“EPA and DHA are important for normal brain, eye, and nerve development in children under the age of two,” explains Keatley. While the NIH says it is unclear whether supplementation during pregnancy and breastfeeding will affect children’s development, it also states, “Some studies show that taking these supplements can increase a baby’s weight at birth and duration the baby can easily raise the uterus. “

If I eat fish regularly, do I need fish oil supplements?

No, not necessarily, says Keatley. “If you eat at least 250 to 500 mg of combined EPA and DHA from fish and shellfish every day, you know,” she explains. She also adds that you should avoid taking supplements unless prescribed by your doctor.

In fact, it is preferable to make fish a regular part of your diet over supplements, much like getting vitamin C and fiber from real whole fruits is generally better than taking them in pill form. “I can’t speak for all dietitians, but most of the ones I know are pro-real foods before I go the supplement route,” says Keatley. In fact, Kirkpatrick says she always tries to recommend food rather than supplements to her customers.

The idea is that there might be other beneficial nutrients in real fish that you are missing out on in pill form. While people who eat fish regularly have a lower risk of developing several chronic diseases, “it is not clear whether these health benefits come from simply consuming these foods or from the omega-3s in these foods,” justified the NIH.

Is There Too Much Fish Oil and Are There Any Side Effects?

Actually, yes, although it’s hard to do. “For a healthy person, there is little evidence that overdose is common,” says Kirkpatrick. If you go overboard with the fish oil, the side effects are relatively minor. “These include bad taste, bad breath, bad-smelling sweat, headaches and gastrointestinal symptoms like heartburn, nausea and diarrhea,” says Keatley. Even if you aren’t getting enough to cause problems, ingesting excessive amounts of fish oil is likely a waste of money. “The latest research seems to show that there is a point where returns go down when more omega-3s don’t provide increased benefits,” explains Keatley. More is not always better.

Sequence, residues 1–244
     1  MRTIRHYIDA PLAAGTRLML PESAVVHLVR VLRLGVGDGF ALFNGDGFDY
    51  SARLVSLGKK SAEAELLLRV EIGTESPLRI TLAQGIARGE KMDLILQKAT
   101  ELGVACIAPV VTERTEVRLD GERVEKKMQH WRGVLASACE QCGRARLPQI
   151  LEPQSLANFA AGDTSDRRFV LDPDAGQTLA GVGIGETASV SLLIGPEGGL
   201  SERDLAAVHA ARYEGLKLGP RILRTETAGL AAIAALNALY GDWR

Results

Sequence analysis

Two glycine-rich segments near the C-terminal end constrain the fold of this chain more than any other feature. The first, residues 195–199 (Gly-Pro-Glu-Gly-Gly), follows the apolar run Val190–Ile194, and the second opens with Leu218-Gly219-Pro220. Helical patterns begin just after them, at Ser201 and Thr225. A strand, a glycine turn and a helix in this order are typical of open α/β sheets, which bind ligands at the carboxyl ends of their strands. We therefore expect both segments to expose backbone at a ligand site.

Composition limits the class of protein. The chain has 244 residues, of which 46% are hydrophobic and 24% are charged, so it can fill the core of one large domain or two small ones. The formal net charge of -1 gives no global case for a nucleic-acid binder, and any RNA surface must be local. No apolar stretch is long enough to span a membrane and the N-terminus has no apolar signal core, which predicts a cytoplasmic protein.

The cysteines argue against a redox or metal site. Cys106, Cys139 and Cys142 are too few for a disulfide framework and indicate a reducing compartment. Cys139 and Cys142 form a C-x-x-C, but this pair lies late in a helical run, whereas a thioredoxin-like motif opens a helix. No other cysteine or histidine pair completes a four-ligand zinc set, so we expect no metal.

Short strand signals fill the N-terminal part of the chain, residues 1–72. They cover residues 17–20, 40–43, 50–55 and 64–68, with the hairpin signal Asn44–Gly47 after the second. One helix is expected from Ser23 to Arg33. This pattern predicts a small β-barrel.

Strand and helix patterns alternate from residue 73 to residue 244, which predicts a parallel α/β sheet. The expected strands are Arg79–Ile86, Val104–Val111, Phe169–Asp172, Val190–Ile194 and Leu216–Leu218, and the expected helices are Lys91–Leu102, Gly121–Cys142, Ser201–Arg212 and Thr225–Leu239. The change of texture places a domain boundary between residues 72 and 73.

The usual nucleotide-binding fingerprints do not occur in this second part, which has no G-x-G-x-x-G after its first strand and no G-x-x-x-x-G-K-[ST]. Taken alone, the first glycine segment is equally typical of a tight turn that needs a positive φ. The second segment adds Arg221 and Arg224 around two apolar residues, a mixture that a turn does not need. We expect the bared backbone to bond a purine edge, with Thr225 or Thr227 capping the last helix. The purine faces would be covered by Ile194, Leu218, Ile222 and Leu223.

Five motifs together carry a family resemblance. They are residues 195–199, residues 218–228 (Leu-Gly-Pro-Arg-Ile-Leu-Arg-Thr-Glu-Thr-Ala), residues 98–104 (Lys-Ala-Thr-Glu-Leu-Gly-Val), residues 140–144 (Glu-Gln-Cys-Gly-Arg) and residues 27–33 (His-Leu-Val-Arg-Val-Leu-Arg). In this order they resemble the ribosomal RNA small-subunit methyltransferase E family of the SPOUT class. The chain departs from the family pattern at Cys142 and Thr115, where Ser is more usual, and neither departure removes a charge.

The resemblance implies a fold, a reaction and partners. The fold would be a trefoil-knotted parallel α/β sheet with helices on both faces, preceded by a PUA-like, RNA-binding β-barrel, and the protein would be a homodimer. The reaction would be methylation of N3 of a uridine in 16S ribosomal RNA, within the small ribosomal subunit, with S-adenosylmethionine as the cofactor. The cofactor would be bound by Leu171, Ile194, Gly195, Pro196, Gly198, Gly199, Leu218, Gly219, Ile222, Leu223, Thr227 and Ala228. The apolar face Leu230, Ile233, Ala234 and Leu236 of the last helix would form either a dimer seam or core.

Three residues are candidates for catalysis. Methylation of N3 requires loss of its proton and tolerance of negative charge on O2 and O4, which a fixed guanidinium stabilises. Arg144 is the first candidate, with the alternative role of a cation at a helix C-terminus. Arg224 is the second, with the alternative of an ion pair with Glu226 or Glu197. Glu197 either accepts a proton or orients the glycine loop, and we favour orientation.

Is there anyone who shouldn’t be using fish oil?

Yes. Large doses of omega-3 fatty acids can cause bleeding in people who are already at risk. “Many elderly patients on blood thinners should not be given omega-3 supplements because of the risk of bleeding,” said Keatley.

If you’re looking to increase your omega-3 fatty acid intake through nutritional supplements, options are plentiful, but Nature’s Bounty odorless fish oil capsules have fantastic reviews. They can be picked up at your local Walgreens or purchased from the Walgreen website for $ 21. The Vitamin Shoppe’s omega-3 fish oil capsules are also sufficient, and you can purchase these at a brick and mortar location or add them to your online shopping cart for $ 16.

More informative stories about vitamins and supplements can be found below:

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